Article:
People are still turning up at hospitals in the region for treatment, mostly with minor injuries.
New Zealand's Sciblogs has used Google Maps to create a fascinating storyboard of seismic activity for the Christchurch earthquake and its aftershocks. The data for the maps comes from New Zealand's GeoNet data portal.
News of the Canterbury quake has been widely reported in international media.
The story remains the fourth most popular on CNN's website.
The Christchurch quake has led to a record number of baby births at Christchurch Hospital.
Twenty one babies were delivered, the most ever for a Saturday, NZPA reports.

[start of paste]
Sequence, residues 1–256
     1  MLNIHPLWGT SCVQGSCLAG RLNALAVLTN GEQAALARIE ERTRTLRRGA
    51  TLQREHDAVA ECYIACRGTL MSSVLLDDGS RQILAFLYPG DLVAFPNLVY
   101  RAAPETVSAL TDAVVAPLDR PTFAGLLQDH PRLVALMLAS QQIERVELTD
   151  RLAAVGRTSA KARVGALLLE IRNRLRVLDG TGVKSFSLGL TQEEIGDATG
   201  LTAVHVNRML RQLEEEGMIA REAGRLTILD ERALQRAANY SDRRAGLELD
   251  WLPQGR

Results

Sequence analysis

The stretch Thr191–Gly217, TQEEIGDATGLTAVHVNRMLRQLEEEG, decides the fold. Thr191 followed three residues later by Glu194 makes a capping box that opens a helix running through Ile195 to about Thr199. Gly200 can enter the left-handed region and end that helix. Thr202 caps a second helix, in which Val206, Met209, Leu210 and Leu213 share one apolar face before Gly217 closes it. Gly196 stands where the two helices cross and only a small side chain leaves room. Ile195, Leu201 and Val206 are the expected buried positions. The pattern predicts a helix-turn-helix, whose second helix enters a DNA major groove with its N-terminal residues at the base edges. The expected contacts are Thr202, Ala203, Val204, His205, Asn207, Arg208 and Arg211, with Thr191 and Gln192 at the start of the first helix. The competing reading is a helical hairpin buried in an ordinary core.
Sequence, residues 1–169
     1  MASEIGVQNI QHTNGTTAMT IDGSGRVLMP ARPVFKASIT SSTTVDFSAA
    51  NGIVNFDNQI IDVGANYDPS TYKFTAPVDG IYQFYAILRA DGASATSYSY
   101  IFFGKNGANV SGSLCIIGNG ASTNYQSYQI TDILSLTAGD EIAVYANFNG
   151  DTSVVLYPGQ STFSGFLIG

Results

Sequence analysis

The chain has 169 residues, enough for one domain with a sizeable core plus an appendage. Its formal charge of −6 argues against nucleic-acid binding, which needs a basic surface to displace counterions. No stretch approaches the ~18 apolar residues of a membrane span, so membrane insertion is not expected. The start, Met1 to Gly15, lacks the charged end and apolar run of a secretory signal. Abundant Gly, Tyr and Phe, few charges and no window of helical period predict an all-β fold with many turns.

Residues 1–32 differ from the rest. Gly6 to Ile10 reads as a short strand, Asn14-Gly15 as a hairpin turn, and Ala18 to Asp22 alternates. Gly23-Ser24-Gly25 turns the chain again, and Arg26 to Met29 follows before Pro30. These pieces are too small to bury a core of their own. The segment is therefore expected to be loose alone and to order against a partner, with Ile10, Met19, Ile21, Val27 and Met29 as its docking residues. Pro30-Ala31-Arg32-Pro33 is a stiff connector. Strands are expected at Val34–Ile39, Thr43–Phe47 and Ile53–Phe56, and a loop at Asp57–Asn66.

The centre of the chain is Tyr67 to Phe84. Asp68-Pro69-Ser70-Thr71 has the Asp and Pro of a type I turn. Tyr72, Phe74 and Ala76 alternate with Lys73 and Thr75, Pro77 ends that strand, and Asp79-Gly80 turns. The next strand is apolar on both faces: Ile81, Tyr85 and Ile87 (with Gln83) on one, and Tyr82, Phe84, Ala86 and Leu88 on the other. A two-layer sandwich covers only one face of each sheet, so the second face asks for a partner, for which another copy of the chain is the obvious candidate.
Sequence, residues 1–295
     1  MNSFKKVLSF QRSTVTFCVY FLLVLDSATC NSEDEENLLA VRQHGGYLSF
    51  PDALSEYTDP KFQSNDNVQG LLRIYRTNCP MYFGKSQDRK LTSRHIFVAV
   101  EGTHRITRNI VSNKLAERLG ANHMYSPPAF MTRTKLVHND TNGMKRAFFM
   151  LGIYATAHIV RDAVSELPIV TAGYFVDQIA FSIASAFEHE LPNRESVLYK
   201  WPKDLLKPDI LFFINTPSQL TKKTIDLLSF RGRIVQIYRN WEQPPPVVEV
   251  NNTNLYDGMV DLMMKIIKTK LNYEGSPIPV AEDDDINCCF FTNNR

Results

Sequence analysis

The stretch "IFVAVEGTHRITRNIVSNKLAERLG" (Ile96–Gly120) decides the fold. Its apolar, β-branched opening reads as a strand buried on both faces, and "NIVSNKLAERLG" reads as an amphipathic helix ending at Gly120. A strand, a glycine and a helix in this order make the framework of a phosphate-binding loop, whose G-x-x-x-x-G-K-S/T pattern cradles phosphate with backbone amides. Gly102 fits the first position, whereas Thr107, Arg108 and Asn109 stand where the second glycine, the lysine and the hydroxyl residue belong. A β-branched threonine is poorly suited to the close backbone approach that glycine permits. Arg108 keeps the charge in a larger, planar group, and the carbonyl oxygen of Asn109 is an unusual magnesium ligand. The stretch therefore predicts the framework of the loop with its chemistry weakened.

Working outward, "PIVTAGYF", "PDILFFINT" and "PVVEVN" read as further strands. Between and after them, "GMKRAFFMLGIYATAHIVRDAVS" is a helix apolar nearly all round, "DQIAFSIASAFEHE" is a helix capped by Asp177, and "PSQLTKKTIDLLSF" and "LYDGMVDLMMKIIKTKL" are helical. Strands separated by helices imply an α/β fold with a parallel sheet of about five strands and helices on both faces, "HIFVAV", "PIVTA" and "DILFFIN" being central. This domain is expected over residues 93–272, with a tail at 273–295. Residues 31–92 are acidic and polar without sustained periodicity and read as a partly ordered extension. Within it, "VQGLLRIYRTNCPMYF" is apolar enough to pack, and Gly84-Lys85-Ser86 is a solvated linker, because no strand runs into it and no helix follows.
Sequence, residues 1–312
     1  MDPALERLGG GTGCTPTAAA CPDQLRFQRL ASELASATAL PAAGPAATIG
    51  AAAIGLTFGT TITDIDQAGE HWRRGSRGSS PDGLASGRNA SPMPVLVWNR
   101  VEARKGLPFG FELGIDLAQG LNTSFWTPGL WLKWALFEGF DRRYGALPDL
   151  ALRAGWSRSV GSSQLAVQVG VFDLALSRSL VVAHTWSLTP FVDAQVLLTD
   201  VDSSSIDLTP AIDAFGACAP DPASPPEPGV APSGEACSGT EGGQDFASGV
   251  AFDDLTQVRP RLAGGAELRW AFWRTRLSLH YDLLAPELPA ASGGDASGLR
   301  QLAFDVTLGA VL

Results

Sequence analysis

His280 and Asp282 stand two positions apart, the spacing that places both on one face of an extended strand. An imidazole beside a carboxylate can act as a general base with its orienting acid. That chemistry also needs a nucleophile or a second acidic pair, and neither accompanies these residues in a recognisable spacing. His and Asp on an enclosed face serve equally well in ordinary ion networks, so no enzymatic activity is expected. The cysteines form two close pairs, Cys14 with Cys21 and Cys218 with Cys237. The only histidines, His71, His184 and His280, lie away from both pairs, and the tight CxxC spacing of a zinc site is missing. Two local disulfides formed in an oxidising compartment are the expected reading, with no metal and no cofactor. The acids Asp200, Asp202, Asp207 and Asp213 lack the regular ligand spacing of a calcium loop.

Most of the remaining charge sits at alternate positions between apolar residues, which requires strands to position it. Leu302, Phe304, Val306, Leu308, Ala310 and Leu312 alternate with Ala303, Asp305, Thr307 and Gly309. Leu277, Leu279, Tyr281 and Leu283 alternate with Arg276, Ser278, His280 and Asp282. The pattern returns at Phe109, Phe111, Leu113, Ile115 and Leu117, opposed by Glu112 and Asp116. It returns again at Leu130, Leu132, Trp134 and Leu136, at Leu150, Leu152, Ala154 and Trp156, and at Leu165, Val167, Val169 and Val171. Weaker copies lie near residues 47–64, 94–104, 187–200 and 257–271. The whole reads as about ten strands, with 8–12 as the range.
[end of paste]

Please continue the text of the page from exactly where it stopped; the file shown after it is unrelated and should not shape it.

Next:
Canterbury has been spared the worst from wild weather overnight but Civil Defence warn that the region could still be hit by floods from rising rivers.
The major rivers of Canterbury - the Rangitata, Rakaia, Waimakariri, Hurunui, and Waiau - will probably rise sharply today and tonight.
Sleep-in time for all the schoolchildren in Christchurch and surrounding disctricts today as damage to school buildings is assessed.
Rangiora is apparently the exception, where schools will be opening as usual, Newstalk ZB reports.
But don't despair too much, parents - all schools are projected to be open again from Wednesday.